.Experts Offer Advice on How to Help Wildlife Fleeing Fires

Wildlife experts are calling for people to be on the lookout for animals fleeing from the CZU Lightning Complex fire, which is 21% contained as of Thursday morning. As the forest burns, wildlife are abandoning their homes and seeking safe shelter. 

Santa Cruz-based Native Animal Rescue (NAR) is urging people to bring their domesticated animals inside at night. This will safeguard them in case wild animals are forced to pass through. Residents are also encouraged to put out buckets of water for the wildlife, but not food, and to give them as much space as possible.

“They are scared, exhausted, and have lost their homes—they need to rest and refuel,” NAR wrote in a Facebook post. “We love our wildlife … please spread the word.”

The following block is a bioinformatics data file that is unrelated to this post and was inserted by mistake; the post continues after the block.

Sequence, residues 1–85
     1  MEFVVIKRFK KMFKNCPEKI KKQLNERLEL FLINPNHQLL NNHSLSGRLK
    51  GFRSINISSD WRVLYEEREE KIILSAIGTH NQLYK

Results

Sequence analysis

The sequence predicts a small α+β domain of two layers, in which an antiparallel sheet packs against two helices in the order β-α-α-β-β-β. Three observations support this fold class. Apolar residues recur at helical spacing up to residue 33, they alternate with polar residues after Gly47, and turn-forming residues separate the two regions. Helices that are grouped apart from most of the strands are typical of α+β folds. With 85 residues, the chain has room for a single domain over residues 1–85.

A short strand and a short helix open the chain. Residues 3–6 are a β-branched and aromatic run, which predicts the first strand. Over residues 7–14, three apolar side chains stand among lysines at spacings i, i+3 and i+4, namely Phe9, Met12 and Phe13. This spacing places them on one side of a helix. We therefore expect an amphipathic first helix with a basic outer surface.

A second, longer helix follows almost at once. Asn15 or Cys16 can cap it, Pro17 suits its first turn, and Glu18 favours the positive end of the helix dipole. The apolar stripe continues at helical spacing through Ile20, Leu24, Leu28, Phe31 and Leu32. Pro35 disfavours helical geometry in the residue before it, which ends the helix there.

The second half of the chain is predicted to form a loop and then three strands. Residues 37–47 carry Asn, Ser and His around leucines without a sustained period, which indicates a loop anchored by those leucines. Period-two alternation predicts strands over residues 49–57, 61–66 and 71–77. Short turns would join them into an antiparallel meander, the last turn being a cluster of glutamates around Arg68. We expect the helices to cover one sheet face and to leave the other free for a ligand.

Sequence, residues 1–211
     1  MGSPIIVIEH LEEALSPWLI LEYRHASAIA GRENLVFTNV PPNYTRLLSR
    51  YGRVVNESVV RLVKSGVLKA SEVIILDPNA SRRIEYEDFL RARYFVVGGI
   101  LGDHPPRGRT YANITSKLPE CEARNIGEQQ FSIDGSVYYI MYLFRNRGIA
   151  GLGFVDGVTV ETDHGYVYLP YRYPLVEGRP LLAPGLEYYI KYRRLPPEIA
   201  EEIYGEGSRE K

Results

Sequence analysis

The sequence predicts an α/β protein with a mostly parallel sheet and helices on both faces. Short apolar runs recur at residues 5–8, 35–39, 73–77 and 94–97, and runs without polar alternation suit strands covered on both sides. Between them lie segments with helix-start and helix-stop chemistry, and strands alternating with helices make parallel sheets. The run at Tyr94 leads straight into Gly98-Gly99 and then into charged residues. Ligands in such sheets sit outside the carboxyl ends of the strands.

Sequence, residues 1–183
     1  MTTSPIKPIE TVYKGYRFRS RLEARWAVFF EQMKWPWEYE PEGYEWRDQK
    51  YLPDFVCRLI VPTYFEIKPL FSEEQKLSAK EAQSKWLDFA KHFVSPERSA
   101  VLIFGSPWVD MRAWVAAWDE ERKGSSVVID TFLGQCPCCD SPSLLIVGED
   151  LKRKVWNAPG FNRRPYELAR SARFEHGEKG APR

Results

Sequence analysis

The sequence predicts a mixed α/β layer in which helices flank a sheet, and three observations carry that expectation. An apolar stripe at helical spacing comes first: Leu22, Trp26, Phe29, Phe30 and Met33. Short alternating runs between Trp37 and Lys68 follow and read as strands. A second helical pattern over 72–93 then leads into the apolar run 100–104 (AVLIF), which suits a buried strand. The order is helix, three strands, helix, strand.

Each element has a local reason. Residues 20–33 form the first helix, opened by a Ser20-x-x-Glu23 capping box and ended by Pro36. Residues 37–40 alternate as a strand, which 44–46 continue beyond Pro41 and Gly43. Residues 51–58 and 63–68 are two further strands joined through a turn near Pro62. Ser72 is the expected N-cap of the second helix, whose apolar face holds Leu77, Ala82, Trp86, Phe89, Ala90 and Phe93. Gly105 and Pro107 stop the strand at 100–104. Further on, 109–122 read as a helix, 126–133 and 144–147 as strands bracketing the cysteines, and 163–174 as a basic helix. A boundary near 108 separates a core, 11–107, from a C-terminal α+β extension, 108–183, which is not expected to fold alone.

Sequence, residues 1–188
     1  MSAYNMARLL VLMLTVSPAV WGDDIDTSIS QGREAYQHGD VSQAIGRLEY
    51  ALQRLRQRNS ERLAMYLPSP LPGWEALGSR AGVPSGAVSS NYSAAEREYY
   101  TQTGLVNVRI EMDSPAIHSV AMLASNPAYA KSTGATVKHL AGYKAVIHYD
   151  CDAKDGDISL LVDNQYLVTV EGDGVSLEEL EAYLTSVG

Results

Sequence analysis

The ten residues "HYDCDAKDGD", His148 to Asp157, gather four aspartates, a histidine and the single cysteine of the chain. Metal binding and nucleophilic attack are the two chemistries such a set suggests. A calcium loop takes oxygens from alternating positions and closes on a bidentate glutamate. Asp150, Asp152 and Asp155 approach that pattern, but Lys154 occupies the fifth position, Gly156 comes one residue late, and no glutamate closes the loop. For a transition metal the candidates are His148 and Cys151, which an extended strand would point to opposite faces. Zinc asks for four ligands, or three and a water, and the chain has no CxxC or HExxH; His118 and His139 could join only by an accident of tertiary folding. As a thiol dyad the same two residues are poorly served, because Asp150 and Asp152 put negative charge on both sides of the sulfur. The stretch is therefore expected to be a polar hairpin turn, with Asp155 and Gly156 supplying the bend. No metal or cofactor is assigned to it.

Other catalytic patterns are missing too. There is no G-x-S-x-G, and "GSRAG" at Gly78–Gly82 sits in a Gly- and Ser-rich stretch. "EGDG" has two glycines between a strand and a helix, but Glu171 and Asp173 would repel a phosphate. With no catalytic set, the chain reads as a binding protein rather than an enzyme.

Amy Redfeather of NAR said that, so far, the organization has not received any injured animals. This may be due to the fact that the fires are not too fast-moving; animals are perhaps finding routes to safe areas of the forest.

However, NAR does expect that some residents will encounter animals in distress once they return to their properties in the coming weeks.

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“Hopefully, it won’t be too late by then,” Redfeather said.

Several of the organization’s rehab volunteers, who care for native animals at their homes in Boulder Creek, have had to return the animals to the main center in Santa Cruz. This will somewhat disrupt the animals’ rehabilitation, Redfeather explained.

The organization is also dealing with people calling about domesticated animals, which NAR does not deal with. For all issues regarding domestic animals—from dogs to alpacas—residents are asked to contact the Santa Cruz County Animal Shelter. Hundreds of evacuated animals are being held at the Santa Cruz County Fairgrounds.

Follow continuing in-depth fire coverage here and in our live blog.


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